Disclose narrowly and claim broadly at your own risk
Recent Federal Circuit decisions reveal divergent views of the written-description requirement among the judges.
Recent Federal Circuit jurisprudence reflects a jigsaw puzzle of varied and divergent views of the written-description requirement of 35 U.S.C. 112, ¶ 1 and how written description affects claim construction. Should courts "rewrite" claims to limit their scope to what is disclosed in the specification? Should claim terms always be construed according to their plain meaning (absent a clear intent to the contrary by the inventor)? Should the plain meaning of claim language control, even if the resultant claim scope is broader than the accompanying disclosure, possibly rendering the claim invalid (under the "enablement" requirement)? Should courts even bother with the written-description requirement outside of the (soon to be eliminated) priority context, and instead focus on enablement?
This content has been archived. It is available exclusively through our partner LexisNexis®.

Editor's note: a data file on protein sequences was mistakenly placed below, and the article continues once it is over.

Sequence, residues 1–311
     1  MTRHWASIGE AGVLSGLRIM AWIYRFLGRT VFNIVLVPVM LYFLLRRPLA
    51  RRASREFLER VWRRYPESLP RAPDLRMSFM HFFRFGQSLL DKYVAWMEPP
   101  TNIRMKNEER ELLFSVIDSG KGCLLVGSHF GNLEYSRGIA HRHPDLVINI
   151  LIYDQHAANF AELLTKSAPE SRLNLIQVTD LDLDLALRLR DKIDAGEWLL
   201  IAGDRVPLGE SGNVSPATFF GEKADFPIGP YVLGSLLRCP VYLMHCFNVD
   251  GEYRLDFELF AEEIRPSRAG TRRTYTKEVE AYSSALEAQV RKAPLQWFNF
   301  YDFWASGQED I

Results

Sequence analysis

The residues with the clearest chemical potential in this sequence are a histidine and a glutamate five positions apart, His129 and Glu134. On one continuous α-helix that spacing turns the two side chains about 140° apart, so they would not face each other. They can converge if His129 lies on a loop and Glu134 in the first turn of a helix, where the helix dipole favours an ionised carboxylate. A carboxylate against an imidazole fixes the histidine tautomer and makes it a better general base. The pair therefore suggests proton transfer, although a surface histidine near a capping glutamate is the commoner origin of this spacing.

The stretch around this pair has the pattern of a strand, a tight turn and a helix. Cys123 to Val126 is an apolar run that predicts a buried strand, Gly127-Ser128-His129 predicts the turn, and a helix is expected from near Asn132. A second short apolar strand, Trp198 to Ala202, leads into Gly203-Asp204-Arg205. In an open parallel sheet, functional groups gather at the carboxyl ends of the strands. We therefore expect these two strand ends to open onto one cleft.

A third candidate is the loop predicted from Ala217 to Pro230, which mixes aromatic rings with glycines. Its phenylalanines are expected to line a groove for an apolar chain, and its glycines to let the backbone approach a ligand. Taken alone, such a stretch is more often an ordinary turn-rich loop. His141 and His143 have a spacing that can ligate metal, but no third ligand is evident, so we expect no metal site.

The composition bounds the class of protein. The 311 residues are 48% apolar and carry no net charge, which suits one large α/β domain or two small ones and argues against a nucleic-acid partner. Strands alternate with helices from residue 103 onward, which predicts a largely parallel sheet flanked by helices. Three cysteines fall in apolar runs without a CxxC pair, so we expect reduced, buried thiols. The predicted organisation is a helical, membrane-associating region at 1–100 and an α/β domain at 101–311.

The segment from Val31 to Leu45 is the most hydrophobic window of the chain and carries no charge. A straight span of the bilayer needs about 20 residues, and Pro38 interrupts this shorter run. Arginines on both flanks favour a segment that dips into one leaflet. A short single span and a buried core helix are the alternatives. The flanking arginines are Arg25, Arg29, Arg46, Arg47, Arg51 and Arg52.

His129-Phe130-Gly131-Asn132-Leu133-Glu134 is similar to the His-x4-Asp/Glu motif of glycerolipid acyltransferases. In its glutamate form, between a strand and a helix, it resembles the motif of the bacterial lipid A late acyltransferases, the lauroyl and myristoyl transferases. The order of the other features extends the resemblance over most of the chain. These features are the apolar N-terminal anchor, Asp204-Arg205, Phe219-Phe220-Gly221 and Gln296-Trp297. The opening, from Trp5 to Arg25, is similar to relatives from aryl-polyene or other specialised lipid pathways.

To view this content, please continue to Lexis Advance®.
Not a Lexis Advance® Subscriber? Subscribe Now
LexisNexis® is now the exclusive third party online distributor of the broad collection of current and archived versions of ALM's legal news publications. LexisNexis® customers will be able to access and use ALM's content by subscribing to the LexisNexis® services via Lexis Advance®. This includes content from the National Law Journal®, The American Lawyer®, Law Technology News®, The New York Law Journal® and Corporate Counsel®, as well as ALM's other newspapers, directories, legal treatises, published and unpublished court opinions, and other sources of legal information.
ALM's content plays a significant role in your work and research, and now through this alliance LexisNexis® will bring you access to an even more comprehensive collection of legal content.
For questions call 1-877-256-2472 or contact us at email@example.com